Might be able to help with that one - I have an extract from the Sc.R. Carriage Marshalling booklet for June-Sept 1962, and that says:

 

BG / 3 SK (48S) / 2 CK (24F-18S) / SLF / SLSTP / BG - total 9 vehicles (numbers in brackets are the seating capacities) of BR Standard stock, ie Mk.1. The formation was essentially the same in both directions, though the Up working conveyed an extra SK on Mon/Fri/Sat and also one or 2 fish vans from Aberdeen to Leeds or Nottingham.

 

Similar info is in "Passenger Train Formations 1923-1983 : LMS-LM Region" by Clive S.Carter (Ian Allan 1987).

 

HTH.

 

Alasdair

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Might be able to help with that one - I have an extract from the Sc.R. Carriage Marshalling booklet for June-Sept 1962, and that says:

 

BG / 3 SK (48S) / 2 CK (24F-18S) / SLF / SLSTP / BG - total 9 vehicles (numbers in brackets are the seating capacities) of BR Standard stock, ie Mk.1. The formation was essentially the same in both directions, though the Up working conveyed an extra SK on Mon/Fri/Sat and also one or 2 fish vans from Aberdeen to Leeds or Nottingham.

 

Similar info is in "Passenger Train Formations 1923-1983 : LMS-LM Region" by Clive S.Carter (Ian Allan 1987).

 

HTH.

 

Alasdair

 

 

Thanks very much for that.  Fewer sleeping cars than I expected, to the point where a quick shuffle in the fiddle yard, swapping a restaurant car and TSO for the two sleepers and the second BG, would give me something close to the Waverley formation - close enough for N gauge anyway. 

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Thanks very much for that.  Fewer sleeping cars than I expected, to the point where a quick shuffle in the fiddle yard, swapping a restaurant car and TSO for the two sleepers and the second BG, would give me something close to the Waverley formation - close enough for N gauge anyway. 

 

I got "The Waverley" formation from the same sources, confirmed by a fair amount of poring over published pics -

see http://www.rmweb.co.uk/community/index.php?/topic/102152-wharfeside-a-lifetimes-project/?p=2333994

 

HTH

 

Alasdair

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I got "The Waverley" formation from the same sources, confirmed by a fair amount of poring over published pics -

see http://www.rmweb.co.uk/community/index.php?/topic/102152-wharfeside-a-lifetimes-project/?p=2333994

 

HTH

 

Alasdair

 

I think I'll ignore the difference between open and corridor seconds on the grounds of it being N gauge.  The restaurant car is more problematic - I don't see a Stanier twelve-wheeler on the horizon from any of the major manufacturers, so a Farish RU will have to suffice for now. Buying stock is still a little way off, I'm currently working out material requirements for the three baseboards and trying to come up with a design which is light, easy to put up and take down, and has some protection from being bashed about in transit. Barry Norman ply girder construction looks like the way forward.  I need to have a bit of a clearance sale of unwanted items to raise some funds, plywood seems to have become very expensive.

 

Richard

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I think I'll ignore the difference between open and corridor seconds on the grounds of it being N gauge.  The restaurant car is more problematic - I don't see a Stanier twelve-wheeler on the horizon from any of the major manufacturers, so a Farish RU will have to suffice for now. Buying stock is still a little way off, I'm currently working out material requirements for the three baseboards and trying to come up with a design which is light, easy to put up and take down, and has some protection from being bashed about in transit. Barry Norman ply girder construction looks like the way forward.  I need to have a bit of a clearance sale of unwanted items to raise some funds, plywood seems to have become very expensive.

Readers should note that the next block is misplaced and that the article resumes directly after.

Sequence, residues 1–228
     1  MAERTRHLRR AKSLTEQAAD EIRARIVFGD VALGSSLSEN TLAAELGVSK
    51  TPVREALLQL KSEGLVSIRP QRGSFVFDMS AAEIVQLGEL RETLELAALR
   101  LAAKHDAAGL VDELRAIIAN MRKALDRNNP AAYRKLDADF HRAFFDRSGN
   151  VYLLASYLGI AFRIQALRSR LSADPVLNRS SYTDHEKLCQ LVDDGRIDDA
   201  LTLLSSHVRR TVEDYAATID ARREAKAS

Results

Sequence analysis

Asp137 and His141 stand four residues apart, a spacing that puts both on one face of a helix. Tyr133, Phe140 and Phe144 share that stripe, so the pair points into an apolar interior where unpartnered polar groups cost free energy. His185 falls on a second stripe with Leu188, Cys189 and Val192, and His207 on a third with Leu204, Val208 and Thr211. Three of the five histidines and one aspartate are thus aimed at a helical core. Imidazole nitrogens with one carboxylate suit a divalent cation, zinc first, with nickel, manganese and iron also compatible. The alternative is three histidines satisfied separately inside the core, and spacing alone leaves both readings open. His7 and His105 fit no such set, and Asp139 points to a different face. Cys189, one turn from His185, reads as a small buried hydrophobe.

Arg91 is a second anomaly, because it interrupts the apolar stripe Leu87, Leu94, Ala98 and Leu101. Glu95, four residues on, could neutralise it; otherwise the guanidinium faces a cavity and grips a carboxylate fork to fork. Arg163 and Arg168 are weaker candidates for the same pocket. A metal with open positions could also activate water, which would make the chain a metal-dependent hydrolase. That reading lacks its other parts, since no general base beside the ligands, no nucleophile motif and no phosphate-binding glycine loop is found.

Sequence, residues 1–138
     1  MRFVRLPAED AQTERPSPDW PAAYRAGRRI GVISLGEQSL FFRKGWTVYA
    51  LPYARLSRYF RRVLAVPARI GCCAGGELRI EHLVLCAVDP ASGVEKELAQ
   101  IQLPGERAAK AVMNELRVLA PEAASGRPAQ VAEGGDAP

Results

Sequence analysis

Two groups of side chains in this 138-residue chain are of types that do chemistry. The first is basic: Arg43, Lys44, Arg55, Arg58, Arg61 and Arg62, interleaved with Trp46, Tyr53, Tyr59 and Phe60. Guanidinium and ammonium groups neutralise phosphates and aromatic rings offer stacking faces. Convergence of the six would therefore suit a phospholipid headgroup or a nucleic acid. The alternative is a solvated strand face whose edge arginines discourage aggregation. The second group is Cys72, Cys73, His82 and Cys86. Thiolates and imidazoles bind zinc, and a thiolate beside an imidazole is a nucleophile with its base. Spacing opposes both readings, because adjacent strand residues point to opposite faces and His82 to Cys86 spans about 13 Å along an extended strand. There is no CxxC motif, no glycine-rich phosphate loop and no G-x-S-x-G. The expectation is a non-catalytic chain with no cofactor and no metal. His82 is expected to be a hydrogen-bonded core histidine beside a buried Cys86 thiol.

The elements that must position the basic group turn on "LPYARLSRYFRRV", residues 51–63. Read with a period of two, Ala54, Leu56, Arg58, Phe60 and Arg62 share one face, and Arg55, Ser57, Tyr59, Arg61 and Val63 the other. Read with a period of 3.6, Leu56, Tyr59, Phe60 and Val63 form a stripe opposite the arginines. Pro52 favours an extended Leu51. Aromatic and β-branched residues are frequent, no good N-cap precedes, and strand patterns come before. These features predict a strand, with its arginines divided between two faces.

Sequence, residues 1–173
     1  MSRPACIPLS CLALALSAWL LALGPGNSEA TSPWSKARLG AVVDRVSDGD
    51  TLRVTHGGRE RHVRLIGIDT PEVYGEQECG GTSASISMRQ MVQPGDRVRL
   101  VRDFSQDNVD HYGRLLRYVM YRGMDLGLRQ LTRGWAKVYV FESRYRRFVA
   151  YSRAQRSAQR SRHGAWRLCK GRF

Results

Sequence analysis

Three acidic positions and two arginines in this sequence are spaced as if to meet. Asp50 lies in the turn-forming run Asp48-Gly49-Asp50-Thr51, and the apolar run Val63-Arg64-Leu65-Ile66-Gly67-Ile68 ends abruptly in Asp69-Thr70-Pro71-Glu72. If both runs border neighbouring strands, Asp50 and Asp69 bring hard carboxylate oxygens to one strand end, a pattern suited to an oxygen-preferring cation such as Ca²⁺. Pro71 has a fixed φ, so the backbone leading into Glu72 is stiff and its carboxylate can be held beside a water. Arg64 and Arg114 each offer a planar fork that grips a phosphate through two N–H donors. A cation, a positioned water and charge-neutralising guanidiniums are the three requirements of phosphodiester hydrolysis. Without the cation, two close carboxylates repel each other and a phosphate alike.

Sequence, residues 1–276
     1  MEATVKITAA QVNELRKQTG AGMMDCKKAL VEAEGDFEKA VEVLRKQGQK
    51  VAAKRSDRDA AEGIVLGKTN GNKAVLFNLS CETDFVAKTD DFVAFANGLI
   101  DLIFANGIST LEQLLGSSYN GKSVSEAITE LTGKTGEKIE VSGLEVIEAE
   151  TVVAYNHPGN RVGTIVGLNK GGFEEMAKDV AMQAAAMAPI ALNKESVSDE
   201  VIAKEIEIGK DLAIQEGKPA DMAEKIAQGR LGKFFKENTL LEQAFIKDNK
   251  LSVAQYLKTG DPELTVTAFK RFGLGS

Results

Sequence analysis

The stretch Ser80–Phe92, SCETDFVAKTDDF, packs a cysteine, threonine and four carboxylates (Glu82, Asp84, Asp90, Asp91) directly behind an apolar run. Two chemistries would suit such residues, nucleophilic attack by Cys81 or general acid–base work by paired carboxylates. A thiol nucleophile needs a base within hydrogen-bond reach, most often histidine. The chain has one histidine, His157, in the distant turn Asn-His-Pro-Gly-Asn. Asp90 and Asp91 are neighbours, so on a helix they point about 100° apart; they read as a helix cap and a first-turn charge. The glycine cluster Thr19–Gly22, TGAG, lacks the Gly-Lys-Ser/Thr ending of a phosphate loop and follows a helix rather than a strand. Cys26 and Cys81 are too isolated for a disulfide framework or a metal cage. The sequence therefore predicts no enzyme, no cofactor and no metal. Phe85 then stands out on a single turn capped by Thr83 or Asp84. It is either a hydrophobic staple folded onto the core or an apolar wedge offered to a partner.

Richard

 

The ex-LMS 12-wheeler in "The Waverley" was replaced circa 1962 with a BR Mk.1 RF to dia.17, so the BR Mk.1 RU would look like an acceptable substitute.

 

Good luck with the project - will be following it on here with interest.

 

Alasdair

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I have started working up some drawings for the various Stobs structures.  As I am now finding, there was a desperate lack of standardisation along the route.  Every single structure seems to have been unique to each station, and even the bricks at Stobs appear to be a non-standard size.  I started with the ticket office which had survived in remarkable condition, and for which I have found several good clear photos.  I worked out the dimensions by counting bricks, based on the common Victorian brick size of 9 x 41/2 inches, and ended up with a doorway about eight feet high.  So I redid the drawings on the assumption that the door was 6'6" or thereabouts and now have something which looks about right in proportions.  It's a lovely little building and the ticket window is a work of art. Hopefully I can do it justice.

 

I then started on the footbridge and quickly realised there is something odd about it.  It isn't symmetrical.  The centre span is skewed to one side (assuming the smoke deflectors are actually above the rail centrelines) and the Up side has taller vertical supports than the Down.  Presumably something to do with the cant of the trackbed as the whole station is on a curve.  I hadn't even thought about this aspect: my baseboard joinery just got a little more complicated. The basic framework was built from lengths of BH rail bolted together, so hopefully I will be able to solder something together which isn't too flimsy.  It really was a rickety looking structure even when the station was still open.